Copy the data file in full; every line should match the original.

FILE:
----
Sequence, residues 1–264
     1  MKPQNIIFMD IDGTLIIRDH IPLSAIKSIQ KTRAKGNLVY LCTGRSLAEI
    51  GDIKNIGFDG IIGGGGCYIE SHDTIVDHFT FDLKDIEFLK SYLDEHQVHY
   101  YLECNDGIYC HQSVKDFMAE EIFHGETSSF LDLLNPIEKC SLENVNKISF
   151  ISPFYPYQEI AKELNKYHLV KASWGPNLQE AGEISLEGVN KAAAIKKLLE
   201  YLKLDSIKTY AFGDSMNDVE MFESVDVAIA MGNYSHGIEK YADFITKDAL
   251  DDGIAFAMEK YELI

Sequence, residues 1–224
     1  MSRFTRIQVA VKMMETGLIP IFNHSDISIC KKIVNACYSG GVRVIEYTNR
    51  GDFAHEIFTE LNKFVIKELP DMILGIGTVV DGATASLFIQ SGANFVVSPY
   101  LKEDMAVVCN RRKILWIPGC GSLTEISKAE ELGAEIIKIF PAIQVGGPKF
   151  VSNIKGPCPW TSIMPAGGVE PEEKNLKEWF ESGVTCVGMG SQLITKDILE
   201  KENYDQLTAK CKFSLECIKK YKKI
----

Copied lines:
Sequence, residues 1–264
     1  MKPQNIIFMD IDGTLIIRDH IPLSAIKSIQ KTRAKGNLVY LCTGRSLAEI
    51  GDIKNIGFDG IIGGGGCYIE SHDTIVDHFT FDLKDIEFLK SYLDEHQVHY
   101  YLECNDGIYC HQSVKDFMAE EIFHGETSSF LDLLNPIEKC SLENVNKISF
   151  ISPFYPYQEI AKELNKYHLV KASWGPNLQE AGEISLEGVN KAAAIKKLLE
   201  YLKLDSIKTY AFGDSMNDVE MFESVDVAIA MGNYSHGIEK YADFITKDAL
   251  DDGIAFAMEK YELI

Sequence, residues 1–224
     1  MSRFTRIQVA VKMMETGLIP IFNHSDISIC KKIVNACYSG GVRVIEYTNR
    51  GDFAHEIFTE LNKFVIKELP DMILGIGTVV DGATASLFIQ SGANFVVSPY
   101  LKEDMAVVCN RRKILWIPGC GSLTEISKAE ELGAEIIKIF PAIQVGGPKF
   151  VSNIKGPCPW TSIMPAGGVE PEEKNLKEWF ESGVTCVGMG SQLITKDILE
   201  KENYDQLTAK CKFSLECIKK YKKI